Understanding The Wagner Private Military Company

Understanding The Wagner Private Military Company

There is a massive misunderstanding about the Wagner PMC. I want to try to clear up some of the confusion and erroneous assumptions.

First, Wagner PMC was created by the GRU, Russia’s military intelligence organization. Think of it as the CIA’s Special Activities Divsion (SAD) on steroids. It is a para-military unit that carried out missions under the cover of a PMC but was controlled by the GRU. Wagner gave Russia the ability to carry out military missions without putting the reputation of the Russian military on the line. The military commanders of Wagner are former Spetznaz and conventional Russian military.

Second, Wagner PMC was a Russian military contractor, albeit “covert.” The cover was not robust but Wagner could project Russian military force without being overtly seen as a direct Russian operation.

Third, Prigozhin is the business CEO of Wagner. He has zero military experience but is an established contractor, just like Raytheon or General Dynamics in the United States. He handled (or mishandled) the money flowing to Wagner and probably spread the wealth among some commanders. The cash flow from Wagner added to Prigozhin’s wealth. It also fed his ego and provided him the illusion of being viewed in Russia an important military figure.

Fourth, Prigozhin reportedly cut a deal in 2018 with a Syrian warlord to capture a Conoco oil field in a portion of Kurd-controlled territory, which was defended by a small group of U.S. Special Operations Forces. This was the Battle of Khashsam aka the Battle of Conoco:

The Battle of Khasham, also known as the Battle of Conoco Fields, was a military engagement of the Syrian civil war fought on 7 February 2018 near the towns of Khasham and Al Tabiyeh in the Deir ez-Zor GovernorateSyria. The Operation Inherent Resolve coalition delivered air and artillery strikes on Syrian Armed Forces and pro-government militias after they reportedly engaged a U.S. military and Syrian Democratic Forces (SDF) position in the region.

The United States explained the attack by stating that the pro-government forces had “initiated an unprovoked attack against well-established Syrian Democratic Forces headquarters” in the area, while coalition service members were “co-located with SDF partners during the attack 8 kilometers (5 mi) east of the agreed-upon Euphrates River de-confliction line”.[18][19][20] The Russian Ministry of Defence‘s statement, released on 8 February 2018, referred to the incident at the village of Salihiyah (located south of the SDF-held town of Abu Hamam in the Abu Kamal District) and said that it was caused by reconnaissance actions of Syrian militias that had not been cleared with the Russian operations command; the statement stressed that there were no Russian service members in the “designated district of the Deir ez-Zor province of Syria”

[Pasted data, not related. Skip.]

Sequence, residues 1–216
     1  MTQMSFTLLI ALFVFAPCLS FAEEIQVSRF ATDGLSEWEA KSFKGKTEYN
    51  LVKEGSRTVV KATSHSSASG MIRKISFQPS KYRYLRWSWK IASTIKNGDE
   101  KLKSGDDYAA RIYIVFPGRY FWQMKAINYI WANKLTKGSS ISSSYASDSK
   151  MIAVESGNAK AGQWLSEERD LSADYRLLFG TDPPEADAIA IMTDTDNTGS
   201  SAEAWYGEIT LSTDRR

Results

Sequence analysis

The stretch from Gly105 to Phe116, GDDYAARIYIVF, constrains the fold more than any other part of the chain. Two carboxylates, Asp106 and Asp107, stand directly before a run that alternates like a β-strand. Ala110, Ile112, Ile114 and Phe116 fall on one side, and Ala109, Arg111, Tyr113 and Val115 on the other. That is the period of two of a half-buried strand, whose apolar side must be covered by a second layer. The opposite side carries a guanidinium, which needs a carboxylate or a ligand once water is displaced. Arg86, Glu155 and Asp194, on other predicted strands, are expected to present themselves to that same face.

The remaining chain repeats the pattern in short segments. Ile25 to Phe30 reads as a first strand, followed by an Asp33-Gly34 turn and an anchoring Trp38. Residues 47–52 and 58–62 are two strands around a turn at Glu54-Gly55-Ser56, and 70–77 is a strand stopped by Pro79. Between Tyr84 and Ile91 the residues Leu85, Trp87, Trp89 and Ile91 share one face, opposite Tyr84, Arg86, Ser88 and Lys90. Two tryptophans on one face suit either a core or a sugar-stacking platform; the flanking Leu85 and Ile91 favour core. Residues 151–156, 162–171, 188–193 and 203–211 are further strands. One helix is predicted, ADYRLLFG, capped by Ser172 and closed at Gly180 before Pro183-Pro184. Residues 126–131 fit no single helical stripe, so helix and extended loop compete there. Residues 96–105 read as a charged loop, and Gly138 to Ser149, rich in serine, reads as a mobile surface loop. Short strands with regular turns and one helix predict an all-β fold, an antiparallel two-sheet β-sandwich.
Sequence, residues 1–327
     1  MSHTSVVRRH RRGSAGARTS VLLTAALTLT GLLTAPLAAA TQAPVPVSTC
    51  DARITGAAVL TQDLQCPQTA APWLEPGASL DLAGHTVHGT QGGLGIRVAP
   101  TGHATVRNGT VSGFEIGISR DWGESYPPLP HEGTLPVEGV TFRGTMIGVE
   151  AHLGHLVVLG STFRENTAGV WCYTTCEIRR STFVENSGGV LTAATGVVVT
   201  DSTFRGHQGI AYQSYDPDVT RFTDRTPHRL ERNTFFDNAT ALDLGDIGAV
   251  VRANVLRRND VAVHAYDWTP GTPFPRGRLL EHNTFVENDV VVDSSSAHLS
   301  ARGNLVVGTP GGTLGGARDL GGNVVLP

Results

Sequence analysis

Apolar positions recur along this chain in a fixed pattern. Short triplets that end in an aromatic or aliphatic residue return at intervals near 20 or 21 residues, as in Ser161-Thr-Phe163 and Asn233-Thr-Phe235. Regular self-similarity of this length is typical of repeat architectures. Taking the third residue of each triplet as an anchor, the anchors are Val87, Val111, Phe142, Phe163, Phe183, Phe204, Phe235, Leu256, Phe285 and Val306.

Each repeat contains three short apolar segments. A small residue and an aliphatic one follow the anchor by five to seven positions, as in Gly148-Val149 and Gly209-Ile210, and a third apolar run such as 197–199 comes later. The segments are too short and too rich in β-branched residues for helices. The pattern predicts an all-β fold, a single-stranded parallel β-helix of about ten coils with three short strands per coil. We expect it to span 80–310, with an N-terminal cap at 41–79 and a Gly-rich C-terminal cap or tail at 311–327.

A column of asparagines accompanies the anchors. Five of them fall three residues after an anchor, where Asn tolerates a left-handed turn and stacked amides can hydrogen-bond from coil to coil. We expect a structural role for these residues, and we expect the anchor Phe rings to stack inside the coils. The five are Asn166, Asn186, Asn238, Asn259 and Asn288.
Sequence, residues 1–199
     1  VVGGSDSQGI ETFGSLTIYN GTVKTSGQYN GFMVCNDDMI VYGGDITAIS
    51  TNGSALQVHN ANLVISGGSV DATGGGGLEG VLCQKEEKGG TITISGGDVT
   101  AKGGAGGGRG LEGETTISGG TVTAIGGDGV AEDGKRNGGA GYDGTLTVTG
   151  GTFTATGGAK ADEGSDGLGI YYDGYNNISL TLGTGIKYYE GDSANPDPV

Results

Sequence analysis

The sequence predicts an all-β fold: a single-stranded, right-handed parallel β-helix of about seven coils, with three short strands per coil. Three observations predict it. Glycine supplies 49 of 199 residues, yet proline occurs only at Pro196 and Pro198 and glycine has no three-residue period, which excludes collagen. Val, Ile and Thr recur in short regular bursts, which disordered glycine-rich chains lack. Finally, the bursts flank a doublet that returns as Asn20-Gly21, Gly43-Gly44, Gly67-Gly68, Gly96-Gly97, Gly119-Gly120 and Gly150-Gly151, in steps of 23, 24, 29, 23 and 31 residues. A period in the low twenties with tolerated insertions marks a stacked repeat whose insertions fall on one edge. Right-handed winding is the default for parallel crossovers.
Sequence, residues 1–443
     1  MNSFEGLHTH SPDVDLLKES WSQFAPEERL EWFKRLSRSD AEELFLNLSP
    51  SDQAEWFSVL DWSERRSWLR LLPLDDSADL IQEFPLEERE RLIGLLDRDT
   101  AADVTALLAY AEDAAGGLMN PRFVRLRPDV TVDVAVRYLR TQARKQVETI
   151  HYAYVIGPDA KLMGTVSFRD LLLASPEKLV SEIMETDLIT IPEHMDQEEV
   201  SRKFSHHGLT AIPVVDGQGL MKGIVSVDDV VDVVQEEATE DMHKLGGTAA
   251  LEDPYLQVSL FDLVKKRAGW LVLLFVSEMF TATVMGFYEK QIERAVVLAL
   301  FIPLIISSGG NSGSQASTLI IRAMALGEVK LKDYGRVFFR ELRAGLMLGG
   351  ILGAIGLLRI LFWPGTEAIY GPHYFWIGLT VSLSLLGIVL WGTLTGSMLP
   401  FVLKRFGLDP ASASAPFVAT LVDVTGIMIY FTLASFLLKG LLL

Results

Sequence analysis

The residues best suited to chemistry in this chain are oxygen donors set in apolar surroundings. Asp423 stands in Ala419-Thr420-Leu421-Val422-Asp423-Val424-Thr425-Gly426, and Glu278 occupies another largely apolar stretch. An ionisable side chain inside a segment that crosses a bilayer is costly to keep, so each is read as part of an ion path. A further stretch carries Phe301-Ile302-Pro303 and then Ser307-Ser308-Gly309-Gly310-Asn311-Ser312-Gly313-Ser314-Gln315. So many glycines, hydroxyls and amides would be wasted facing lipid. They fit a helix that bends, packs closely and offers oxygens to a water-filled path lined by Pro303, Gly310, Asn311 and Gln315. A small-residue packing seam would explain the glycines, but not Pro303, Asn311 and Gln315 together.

The United States, from its Joint Air Operations Center in Qatar, asked its Russian counter parts if there were any Russian personnel in the area, according to the New York Times:

American military officials repeatedly warned about the growing mass of troops. But Russian military officials said they had no control over the fighters assembling near the river — even though American surveillance equipment monitoring radio transmissions had revealed the ground force was speaking in Russian.

The documents described the fighters as a “pro-regime force,” loyal to President Bashar al-Assad of Syria. It included some Syrian government soldiers and militias, but American military and intelligence officials have said a majority were private Russian paramilitary mercenaries — and most likely a part of the Wagner Group, a company often used by the Kremlin to carry out objectives that officials do not want to be connected to the Russian government.

“The Russian high command in Syria assured us it was not their people,” Defense Secretary Jim Mattis told senators in testimony last month. He said he directed Gen. Joseph F. Dunford Jr., the chairman of the Joint Chiefs of Staff, “for the force, then, to be annihilated.”

This is the origin of Prigozhin’s anger with the Russian Ministry of Defense. Prigozhin, going rogue as part of a scheme to make some big money not tied to Wagner’s contract with the Russian MOD, authorized the attack and got burned.

This apparently was one of the motives for Prigozhin’s eventual meeting with Ukrainian and Western intelligence officers in Africa, which led to his harebrained scheme to take out the Defense Minister Shoigu and Chief of Staff of the Russian military, Gerasimov.

Apart from Prigozhin the other guilty party in the failed mutiny is the GRU or, more specifically, those GRU officers responsible for managing the PMC. It is highly likely that Prigozhin may have bribed his GRU handlers with some of the cash he earned on the side in order to get them to look the other way and allow him to pursue entrepreneurial opportunities. Those officers may be in more trouble than Prigozhin.

Wagner PMC is now consigned to history. It is kaput as a PMC. This explains why the MOD ended the contract with Wagner aka Prigozhin and established a dead line for moving the Wagner troops under the direct control of the Russian military.

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Author: Larry Johnson